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Beet Maize & Corn
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Top Customer Reviews
Nothing prepared me for this album though. It is one of the most beautiful albums I've ever heard anywhere. The first few times you hear it, its so simple, brave and stunning that you don't really know what it is you're listening to. I didn't really get a feel for how well written, catchy and cohesive each song was until the third or fourth listen.
Despite the fact that the sound of this album is one that is simply never heard anymore in pop music, it is entirely familiar, like an older family member's hand me down sweater. It reminds me of Christmas and childhood. Its really a gorgeous album and every song is incredible once you've heard it enough to enjoy the intricacies.
A girl who heard it with me said it made her want to dance. I was puzzled at first, but ever since I imagine slow dancing to this album every time I listen to it. The kind of slow dance where her eyes are moist, the stars are out, the moon is full and its your wedding.
If you want to know where to jump in with this group, this album is evidently an acceptable place, even though it's their most recent. The mood varies from warm and sunny to dimly-lit room late at night stuff. I love every track, but especially the closing song, The Walworth River. The lyrics are beautiful, but almost completely inscrutable (they do hommage Van Dyke Parks after all).
Having said all this, here's a warning: I've played it a few times for different people I care about, and so far I've gotten so-so feedback. This is a great album IMHO in a 'Pet Sounds' or 'Smile' kind of way, but maybe it's not for everyone's ear.
Most Recent Customer Reviews
This record sounds like the sonic equivalent of those first days of Spring, when the weeks of freezing rain and clouds as grey and oppressive as brutalist architecture give way to... Read morePublished on February 23, 2007 by Lypo Suck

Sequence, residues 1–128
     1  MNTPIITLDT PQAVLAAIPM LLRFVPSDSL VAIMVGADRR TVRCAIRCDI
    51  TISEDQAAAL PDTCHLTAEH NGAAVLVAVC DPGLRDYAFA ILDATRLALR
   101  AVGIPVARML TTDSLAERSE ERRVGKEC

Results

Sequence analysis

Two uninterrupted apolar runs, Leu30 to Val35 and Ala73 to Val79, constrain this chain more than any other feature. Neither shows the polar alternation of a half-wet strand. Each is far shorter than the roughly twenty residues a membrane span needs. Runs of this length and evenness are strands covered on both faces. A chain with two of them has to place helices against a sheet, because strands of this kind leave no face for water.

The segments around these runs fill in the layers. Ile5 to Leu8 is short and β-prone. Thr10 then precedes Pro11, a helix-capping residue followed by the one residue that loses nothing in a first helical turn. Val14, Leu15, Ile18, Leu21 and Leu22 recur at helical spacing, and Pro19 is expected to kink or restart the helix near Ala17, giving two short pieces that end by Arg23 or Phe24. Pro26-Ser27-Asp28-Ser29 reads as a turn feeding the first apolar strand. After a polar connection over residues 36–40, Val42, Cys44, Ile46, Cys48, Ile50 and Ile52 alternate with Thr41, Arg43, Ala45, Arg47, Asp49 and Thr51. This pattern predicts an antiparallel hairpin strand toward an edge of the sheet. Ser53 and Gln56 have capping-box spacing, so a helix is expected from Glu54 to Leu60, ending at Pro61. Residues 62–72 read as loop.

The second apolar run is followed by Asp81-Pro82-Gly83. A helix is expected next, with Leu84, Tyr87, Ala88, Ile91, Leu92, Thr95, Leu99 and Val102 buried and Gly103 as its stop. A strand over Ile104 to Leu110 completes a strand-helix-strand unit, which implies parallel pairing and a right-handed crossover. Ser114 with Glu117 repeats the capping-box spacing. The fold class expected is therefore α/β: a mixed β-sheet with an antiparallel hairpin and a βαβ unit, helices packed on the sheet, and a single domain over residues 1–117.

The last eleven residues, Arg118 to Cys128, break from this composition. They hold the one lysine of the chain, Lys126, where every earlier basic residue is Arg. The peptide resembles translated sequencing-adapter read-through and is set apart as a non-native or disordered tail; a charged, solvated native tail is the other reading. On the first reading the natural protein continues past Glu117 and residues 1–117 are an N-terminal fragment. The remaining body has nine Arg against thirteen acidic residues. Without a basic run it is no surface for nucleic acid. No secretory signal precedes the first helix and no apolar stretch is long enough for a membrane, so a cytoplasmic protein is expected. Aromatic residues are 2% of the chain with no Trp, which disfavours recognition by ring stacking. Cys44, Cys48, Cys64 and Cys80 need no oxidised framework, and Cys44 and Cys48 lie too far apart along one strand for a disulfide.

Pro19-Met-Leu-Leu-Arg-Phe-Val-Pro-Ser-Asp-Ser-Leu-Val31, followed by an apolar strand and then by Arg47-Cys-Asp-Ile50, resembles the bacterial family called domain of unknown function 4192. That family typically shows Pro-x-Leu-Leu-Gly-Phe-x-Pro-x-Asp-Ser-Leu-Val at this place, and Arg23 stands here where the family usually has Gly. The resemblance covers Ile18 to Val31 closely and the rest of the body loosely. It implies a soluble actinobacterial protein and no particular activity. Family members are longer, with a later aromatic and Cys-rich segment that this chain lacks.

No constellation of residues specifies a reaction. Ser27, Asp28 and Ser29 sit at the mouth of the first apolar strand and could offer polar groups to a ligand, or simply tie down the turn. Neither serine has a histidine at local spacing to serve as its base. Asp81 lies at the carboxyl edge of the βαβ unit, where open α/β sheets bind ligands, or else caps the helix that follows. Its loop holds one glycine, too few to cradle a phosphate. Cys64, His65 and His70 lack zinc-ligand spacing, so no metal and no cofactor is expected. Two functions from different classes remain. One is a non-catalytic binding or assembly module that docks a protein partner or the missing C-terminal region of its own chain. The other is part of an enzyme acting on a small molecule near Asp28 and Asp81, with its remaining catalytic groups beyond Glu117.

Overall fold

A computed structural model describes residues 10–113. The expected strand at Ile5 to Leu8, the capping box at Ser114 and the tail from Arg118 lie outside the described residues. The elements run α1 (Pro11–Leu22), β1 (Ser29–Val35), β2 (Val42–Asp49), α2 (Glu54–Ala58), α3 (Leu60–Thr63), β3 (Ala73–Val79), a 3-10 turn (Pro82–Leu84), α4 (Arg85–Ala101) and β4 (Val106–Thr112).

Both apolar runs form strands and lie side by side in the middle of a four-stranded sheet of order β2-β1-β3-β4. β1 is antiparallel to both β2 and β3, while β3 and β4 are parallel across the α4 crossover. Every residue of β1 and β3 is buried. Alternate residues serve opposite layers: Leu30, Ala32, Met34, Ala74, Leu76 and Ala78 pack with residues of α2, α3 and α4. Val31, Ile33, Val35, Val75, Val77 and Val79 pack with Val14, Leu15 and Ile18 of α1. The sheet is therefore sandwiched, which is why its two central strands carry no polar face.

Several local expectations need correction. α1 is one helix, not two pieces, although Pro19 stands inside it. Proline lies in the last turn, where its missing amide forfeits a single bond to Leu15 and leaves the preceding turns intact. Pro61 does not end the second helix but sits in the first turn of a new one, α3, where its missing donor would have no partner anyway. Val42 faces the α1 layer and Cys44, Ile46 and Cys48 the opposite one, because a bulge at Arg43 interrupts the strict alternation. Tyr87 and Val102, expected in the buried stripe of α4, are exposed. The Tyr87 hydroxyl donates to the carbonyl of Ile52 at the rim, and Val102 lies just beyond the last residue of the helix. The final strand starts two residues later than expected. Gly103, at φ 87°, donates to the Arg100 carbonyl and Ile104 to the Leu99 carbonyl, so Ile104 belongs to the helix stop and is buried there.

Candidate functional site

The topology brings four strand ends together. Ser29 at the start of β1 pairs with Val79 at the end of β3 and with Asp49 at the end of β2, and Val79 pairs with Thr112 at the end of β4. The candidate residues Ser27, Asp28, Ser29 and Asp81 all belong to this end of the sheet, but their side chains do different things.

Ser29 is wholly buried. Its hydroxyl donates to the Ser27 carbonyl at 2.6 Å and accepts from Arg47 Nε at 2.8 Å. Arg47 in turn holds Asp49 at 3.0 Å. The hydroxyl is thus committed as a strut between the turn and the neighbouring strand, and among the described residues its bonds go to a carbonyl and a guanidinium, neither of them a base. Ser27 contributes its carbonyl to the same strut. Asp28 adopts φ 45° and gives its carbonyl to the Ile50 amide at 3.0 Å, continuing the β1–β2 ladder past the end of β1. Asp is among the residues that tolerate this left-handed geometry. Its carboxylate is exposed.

Sure, sure, if you give even a casual listen to the most popish elements of the High Llamas better known albums, Hawaii or Gideon Gaye (as most youngish American big-city... Read morePublished on January 21, 2005 by Jon-erick
I'll admit to having been a High Llamas junkie since the late '90's. But to hear a recording this superb from a band I consider among the best of the best is like watching the... Read morePublished on September 14, 2004 by kituesday
Folks, let's face it. Sean O'Hagan is every bit the musical "genius" that, say, Brian Wilson. Read morePublished on June 15, 2004 by Anthony Kibel
This album is a strange experience. I listened to the tracks for the first time on a warn night with the last of the days light was coming in my window. Read morePublished on April 24, 2004 by simon moss
I do not know what you guys smoked, giving 5 stars to this album, but it must be strong... Honestly, this is the slowest, inspiration deprived of all High Llamas albums... Read morePublished on March 26, 2004 by Maserati86
Buying a new High Llamas release is always accepting the fact that you will be taken on a musical journey; the creative road less travelled by other artists. Read morePublished on January 1, 2004
What a disappointment. The High Llamas used to be a killer band, with fantastically-crafted pop songs. Read morePublished on December 9, 2003 by D. Rutledge
The new High Llamas record Beet Maize & Corn really is something special. I have heard earlier works by this band and was never really too blown away, but this album is... Read morePublished on November 3, 2003 by doug